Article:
The LeanCor Way Series - Onboarding: First Impressions Are Everything

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“Its employees were leaving in droves, as many as 50 to 70 percent each year.” In his book, The Culture Code, Daniel Coyle tells the story of a call center that was facing major issues with employee retention.

To deal with this phenomenon, the call center ran some experiments to improve retention that included injecting a new, personalized approach into its day-one training. What they found through this experiment was that an individualized onboarding program drastically improved retention by fostering a heightened sense of safety and belonging for new employees.

First impressions are everything.

This notion is clear and consistent with industry research. 

As we consistently onboard team members at LeanCor with different backgrounds, the profound impact of creating a welcoming, intentional environment for them cannot be undersold. Team members want to feel invited into the fold from the start. Taking care of little details, such as having nameplates and computers prepared for new team members on their first day can go a long way.

Creating this environment for team members does not happen by accident. Since we launched the latest version of our onboarding process five years ago, we have been committed to proactively building a plan for each new team member.  This is something that requires an appetite for repetition and a significant amount of communication and coordination.  Feedback from team members is consistently positive and we have even seen carryover from onboarding into a desire for continued development from our team members.

In our onboarding approach, “job shadowing” is considered a bad word. 

The last thing that we want is for new team members to be victims of the classic question “what would you say you do here?” in our Office Space.

To be honest, our current approach to onboarding team members was the result of problem solving.  Our previous modus operandi was to welcome a new team member with a half-day of HR paperwork and then sit that team member beside a peer until the team member “got it.”  This was ineffective and wildly inefficient. Not only did it drain our current performers, but it delayed the transfer of work ownership to the new team member.

After reflecting on the purpose and outcomes for new team members, we determined that a structured, intentional approach to immediately developing and engaging them would be required. 

Today, every team member’s onboarding is tied to the following goals:

  1. Create common language. Every company has some core combination of terms, slang and acronyms, and we want to expose our new team members to this in a safe way so that there won’t be any barriers for on-the-job learning.
  2. Review basic operational principles. LeanCor is principled in lean thinking, problem solving and often has a differentiated approach to traditional third-party logistics. As such, we seek to educate our new team members in this approach early on and connect it to the big picture, or “why” behind the work.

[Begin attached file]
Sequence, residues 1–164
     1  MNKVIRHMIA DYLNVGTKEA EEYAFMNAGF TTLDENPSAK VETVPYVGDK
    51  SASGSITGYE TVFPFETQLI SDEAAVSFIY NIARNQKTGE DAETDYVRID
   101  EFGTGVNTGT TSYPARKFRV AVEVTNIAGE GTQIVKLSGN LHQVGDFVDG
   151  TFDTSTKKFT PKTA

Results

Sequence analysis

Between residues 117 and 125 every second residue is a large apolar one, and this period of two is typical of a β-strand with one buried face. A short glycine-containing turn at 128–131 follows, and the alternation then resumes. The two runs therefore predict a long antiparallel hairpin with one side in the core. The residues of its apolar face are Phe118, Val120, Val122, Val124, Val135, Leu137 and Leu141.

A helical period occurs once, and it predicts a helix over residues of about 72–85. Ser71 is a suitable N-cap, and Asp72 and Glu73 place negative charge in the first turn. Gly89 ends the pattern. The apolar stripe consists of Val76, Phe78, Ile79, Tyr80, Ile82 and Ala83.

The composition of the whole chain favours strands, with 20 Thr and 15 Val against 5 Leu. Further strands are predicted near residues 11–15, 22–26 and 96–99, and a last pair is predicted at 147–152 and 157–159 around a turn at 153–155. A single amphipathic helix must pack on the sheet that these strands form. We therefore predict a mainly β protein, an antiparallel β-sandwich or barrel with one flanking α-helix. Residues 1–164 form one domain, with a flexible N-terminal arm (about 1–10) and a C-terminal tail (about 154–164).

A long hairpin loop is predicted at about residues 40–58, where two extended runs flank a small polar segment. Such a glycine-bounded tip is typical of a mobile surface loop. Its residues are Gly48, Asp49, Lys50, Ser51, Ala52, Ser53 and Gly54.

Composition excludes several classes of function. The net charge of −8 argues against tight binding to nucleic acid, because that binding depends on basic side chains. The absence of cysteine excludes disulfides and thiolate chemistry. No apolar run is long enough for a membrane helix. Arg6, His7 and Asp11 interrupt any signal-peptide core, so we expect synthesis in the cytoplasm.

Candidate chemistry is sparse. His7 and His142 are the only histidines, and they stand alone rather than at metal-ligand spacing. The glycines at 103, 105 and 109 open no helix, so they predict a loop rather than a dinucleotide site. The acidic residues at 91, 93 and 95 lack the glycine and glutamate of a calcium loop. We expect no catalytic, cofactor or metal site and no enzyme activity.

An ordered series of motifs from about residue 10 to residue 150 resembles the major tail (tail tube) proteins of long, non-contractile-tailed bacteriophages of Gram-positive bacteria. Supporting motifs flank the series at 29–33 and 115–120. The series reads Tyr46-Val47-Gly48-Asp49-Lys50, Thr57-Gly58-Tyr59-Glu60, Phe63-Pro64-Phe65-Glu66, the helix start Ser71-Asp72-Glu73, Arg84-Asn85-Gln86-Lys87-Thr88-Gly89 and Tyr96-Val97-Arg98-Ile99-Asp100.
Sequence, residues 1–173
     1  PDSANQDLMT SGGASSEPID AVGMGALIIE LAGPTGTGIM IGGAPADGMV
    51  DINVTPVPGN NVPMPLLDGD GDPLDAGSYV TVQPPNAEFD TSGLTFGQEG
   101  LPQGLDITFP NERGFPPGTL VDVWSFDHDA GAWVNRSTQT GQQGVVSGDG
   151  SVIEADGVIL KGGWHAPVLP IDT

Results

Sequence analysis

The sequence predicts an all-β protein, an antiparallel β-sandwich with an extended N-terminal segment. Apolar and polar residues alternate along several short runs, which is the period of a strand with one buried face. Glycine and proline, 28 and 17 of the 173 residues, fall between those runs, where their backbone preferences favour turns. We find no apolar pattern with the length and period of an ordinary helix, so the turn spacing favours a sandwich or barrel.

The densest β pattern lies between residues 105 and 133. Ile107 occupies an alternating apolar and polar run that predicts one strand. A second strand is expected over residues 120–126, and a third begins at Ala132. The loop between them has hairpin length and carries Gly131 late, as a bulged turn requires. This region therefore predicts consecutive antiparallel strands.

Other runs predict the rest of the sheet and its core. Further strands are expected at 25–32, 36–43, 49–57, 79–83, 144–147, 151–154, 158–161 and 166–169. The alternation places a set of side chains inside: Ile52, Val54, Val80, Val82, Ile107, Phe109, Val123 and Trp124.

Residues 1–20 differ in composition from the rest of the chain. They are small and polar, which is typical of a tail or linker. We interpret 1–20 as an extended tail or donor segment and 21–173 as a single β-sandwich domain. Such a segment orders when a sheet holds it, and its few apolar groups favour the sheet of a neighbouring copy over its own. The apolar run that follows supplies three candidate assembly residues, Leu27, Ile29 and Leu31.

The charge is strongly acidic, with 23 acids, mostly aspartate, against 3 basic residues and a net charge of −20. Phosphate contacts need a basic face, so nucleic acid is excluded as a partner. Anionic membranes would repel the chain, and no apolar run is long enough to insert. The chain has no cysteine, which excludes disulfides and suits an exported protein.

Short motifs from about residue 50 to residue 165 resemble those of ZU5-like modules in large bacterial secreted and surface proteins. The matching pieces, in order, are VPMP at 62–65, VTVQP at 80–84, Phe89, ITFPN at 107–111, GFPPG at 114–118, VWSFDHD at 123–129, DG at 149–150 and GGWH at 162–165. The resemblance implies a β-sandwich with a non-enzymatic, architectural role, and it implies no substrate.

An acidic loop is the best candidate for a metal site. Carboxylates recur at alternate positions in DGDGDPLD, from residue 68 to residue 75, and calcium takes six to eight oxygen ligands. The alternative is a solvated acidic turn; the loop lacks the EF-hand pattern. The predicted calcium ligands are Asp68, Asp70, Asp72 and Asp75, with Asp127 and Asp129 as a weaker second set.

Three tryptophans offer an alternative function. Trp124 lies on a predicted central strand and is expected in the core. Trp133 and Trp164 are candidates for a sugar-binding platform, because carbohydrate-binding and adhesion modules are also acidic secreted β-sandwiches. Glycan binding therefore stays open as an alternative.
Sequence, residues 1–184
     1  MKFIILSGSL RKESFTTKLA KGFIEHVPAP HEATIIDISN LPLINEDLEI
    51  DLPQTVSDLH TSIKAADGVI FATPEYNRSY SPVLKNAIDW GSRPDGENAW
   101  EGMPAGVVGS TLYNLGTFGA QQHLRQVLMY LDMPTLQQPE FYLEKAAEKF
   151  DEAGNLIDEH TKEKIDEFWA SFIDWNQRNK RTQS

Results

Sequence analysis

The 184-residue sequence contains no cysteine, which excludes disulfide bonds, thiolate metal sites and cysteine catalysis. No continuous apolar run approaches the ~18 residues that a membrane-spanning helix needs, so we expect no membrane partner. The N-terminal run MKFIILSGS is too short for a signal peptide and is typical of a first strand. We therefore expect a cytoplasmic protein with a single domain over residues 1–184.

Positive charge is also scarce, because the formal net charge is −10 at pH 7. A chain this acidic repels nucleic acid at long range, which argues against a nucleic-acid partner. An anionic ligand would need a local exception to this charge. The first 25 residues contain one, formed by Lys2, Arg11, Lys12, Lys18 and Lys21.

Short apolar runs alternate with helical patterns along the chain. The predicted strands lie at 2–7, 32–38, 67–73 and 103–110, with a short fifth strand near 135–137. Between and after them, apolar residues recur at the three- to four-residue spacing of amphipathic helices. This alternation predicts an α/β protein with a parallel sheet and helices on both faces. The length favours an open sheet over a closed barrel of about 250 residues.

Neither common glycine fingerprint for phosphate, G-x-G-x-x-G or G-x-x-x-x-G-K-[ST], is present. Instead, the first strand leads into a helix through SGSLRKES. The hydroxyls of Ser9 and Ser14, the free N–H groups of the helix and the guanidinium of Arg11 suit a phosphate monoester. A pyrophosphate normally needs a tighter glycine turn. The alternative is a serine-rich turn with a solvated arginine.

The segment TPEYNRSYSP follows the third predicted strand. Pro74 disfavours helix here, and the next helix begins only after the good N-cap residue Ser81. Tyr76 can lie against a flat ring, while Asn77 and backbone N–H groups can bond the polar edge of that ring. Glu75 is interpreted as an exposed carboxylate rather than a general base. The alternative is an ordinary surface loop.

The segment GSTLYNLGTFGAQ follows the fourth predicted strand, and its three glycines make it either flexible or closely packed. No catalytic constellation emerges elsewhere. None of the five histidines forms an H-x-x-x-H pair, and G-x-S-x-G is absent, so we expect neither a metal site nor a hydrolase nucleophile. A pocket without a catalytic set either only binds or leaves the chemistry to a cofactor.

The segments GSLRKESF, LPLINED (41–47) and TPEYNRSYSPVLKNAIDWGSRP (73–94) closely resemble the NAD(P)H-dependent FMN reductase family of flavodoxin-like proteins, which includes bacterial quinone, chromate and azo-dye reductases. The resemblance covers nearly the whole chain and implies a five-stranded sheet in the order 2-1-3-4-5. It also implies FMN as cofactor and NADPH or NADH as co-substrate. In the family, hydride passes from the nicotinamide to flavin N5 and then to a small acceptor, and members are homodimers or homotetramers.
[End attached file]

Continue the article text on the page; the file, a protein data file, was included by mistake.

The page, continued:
3. Introduce proprietary software. The majority of the software that we use in our operations department was crafted and developed in house at LeanCor, so this will be the first time that team members will be exposed to our toolkit - a toolkit that they will likely be using daily. 
  4. Build a team environment with leaders/peers. It can be challenging entering a new workplace if proper introductions are not made, and we seek to facilitate as many early connections as possible through the onboarding scheduling process.
  5. Establish the tone of the culture. Our leadership would agree that this is the single greatest asset at our company. We want to evolve and protect it by allowing new team members to be immersed in the various manifestations of our culture in an experiential way.

The question remains: "how do we attack all of these audacious goals in our onboarding?" 

At LeanCor, we do this with a tailored, two-week onboarding schedule that includes a combination of HR/corporate introductions, concept/process/tool overviews with operational leaders, online training, and what we call “Gemba time.”  This last piece is a focused, rotational form of on-the-job peer training that challenges our team members to train their new teammates to be subject matter experts. 

The Gemba time component was difficult at first with lots of additional efforts by front line leadership to make it successful. Through these efforts, we learned it's more effective and profitable to have team members learn the nuances of the customer work from their peers. This creates many learning opportunities through two-way dialogue and discussion.

Team members need to feel empowered to ask questions and need to be listened to if safety and belonging are ever to be established. They need to know that we care about them and want them on board.  Needless to say, our company has never had a 50 to 70 percent turnover rate like the Culture Code's call center, but we have seen team members stay longer, invest more in their careers and take on greater opportunities as a result of our changes.

Without a strong plan, company growth is not feasible. LeanCor is growing and we’re not planning to slow down.  It excites us to prepare more team member nameplates and computers.  We can do this, in part, because of the strong first impressions we make with our team members and the culture of learning that we’ve built.

Can you say the same thing about your organization?

Posted by Clint McCrystal

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Training and Development Manager at LeanCor | I am an individual with many interests, and I like to leverage both my creative and analytical skills.

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